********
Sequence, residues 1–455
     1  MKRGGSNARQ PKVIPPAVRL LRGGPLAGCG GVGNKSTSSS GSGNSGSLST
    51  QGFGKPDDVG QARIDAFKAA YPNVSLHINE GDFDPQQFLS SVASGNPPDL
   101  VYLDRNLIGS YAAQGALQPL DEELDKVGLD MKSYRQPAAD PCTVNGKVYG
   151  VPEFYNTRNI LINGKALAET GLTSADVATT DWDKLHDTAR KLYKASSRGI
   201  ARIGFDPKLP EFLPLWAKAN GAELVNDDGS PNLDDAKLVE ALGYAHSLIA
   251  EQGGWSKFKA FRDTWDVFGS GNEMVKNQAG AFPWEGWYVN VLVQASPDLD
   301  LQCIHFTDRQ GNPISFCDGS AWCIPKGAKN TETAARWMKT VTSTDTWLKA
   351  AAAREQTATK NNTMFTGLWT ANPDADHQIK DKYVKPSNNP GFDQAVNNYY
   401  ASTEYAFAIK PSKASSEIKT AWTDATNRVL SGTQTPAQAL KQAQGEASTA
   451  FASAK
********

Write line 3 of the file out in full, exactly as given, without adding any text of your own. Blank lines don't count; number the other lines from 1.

    51  QGFGKPDDVG QARIDAFKAA YPNVSLHINE GDFDPQQFLS SVASGNPPDL